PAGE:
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About 1 in 10 older adults engages in binge drinking, putting them at greater risk for falls and other medical problems.
That's according to new research published Wednesday in the Journal of the American Geriatrics Society.
"We focus so much on young people and their risky drinking," said senior author Joseph Palamar, an associate professor in the department of population health at NYU Langone Health. "But this research reminds us that we also have to keep an eye on the older population."
Palamar and colleagues analyzed data on 10,927 people over age 65 who participated in the National Survey on Drug Use and Health between 2015 and 2017.
An estimated 10.6 percent of the participants reported binge drinking — defined as five or more drinks at once for men, and four or more for women — within the previous 30 days, the study found.
"A lot of patients don't realize that as they get older, their body becomes more sensitive to alcohol," said lead study author Dr. Benjamin Han, an assistant professor in the department of medicine's division of geriatric medicine and palliative care at NYU Langone Health. "They still think they can drink the same way, but the risks increase quite a bit."
Indeed, the National Institute on Alcohol Abuse and Alcoholism recommends that people over age 65, who are otherwise healthy with no chronic diseases, limit themselves to no more than three drinks per day.
However, according to the National Council on Aging, 80 percent of older adults have at least one chronic condition, such as heart disease, cancer, stroke or diabetes.
Binge drinking can worsen some chronic diseases, such as hypertension and diabetes, according to experts.
"If you drink regularly and you are taking blood thinners, then there's going to be a risk of bleeding in your stomach," explained Dr. Ronan Factora, a geriatrician at the Cleveland Clinic who was not involved in the new research. "Binge drinking can also make your sugars go up, which can create problems for people with diabetes."
It can also lead to other issues, such as forgetting to take medications.
"A lot of patients are on six, seven or more medications," Han said. "When they binge drink, they often don't remember to take their medicines."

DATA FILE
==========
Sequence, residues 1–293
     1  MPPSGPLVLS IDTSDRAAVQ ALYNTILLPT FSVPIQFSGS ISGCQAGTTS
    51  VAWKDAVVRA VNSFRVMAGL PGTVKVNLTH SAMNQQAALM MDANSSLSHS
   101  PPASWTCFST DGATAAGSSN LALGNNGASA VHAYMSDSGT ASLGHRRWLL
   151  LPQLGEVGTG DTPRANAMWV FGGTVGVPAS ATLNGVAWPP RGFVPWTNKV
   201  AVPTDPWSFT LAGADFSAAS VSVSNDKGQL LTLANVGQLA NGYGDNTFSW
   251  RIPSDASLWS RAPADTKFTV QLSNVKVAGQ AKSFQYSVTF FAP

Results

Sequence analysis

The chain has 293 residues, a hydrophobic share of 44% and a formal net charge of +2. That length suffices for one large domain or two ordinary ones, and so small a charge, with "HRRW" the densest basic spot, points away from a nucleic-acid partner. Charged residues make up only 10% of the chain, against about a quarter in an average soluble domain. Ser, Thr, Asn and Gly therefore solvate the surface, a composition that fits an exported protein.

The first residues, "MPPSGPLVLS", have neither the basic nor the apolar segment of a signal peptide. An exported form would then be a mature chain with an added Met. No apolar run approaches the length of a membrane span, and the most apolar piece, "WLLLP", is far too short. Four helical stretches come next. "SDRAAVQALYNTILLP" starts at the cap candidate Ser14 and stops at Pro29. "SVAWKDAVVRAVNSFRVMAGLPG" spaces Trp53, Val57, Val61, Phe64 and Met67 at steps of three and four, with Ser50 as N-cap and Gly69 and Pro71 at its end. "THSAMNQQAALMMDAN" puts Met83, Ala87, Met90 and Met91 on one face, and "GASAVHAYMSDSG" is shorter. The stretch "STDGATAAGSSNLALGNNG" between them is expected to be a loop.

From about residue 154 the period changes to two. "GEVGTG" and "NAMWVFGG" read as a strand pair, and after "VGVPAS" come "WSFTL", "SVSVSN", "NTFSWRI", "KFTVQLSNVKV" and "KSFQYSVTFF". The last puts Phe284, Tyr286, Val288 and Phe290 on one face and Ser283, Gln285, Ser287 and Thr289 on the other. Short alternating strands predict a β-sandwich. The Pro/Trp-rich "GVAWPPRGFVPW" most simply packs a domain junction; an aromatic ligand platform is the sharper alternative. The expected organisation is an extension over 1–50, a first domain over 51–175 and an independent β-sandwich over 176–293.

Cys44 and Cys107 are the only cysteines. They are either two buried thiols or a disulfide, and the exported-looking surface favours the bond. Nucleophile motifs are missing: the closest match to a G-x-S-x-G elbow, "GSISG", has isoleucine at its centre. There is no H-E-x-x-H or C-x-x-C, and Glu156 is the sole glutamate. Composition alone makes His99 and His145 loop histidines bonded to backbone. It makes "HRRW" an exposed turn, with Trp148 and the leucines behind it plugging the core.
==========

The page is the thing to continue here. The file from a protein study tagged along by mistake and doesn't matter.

The research also found cannabis use was higher among binge drinkers — a worrisome mixture, experts said.
"Combining marijuana and binge drinking increases the risk for falls," Palamar said.
Even without the added effects of alcohol or pot, falls are already the leading cause of broken bones, trauma and deaths among older adults, according to the National Council on Aging.
Outside experts said it's crucial for physicians to talk to their older patients about drug and alcohol use.
"If you don't look for it, you don't find it. And if you don't find it, you can't do anything about it," said Dr. Michael Wasserman, a geriatrician in Thousand Oaks, California, and a member of the nonprofit American Geriatrics Society.
Wasserman told NBC News much more research needs to be done on people over age 85 in particular.
"The field of geriatrics to me is still 'frontier medicine,' because we don't have enough data," Wasserman said. "Historically, we just haven't seen this level of drinking in this population."
There is evidence that rates of excessive drinking are slowly rising in older adults. The same group of researchers published a similar study in 2017, examining binge drinking among older adults from 2005 to 2014.
Although the two studies asked slightly different questions about alcohol use, less than 9 percent of people over age 65 said they'd engaged in binge drinking during the past month in the previous study, compared to the more than 10 percent found in the current study.
"Binge drinking is a lot more common than we think," Factora said, adding that the new study may underestimate the true percentage of older adult binge drinkers. The data relied on self-reported alcohol intake, and some may have chosen not to disclose their drinking habits.
What's certain is that doctors should be addressing the topic with their older patients.
"Residents and medical students may feel a little bit awkward asking a 90-year-old grandmother if she binge drinks or uses drugs or other substances," Han said.
"But if [she] drinks too much and falls, there's going to be a lot more damage done than [if] someone who is 21 falls," Palamar added.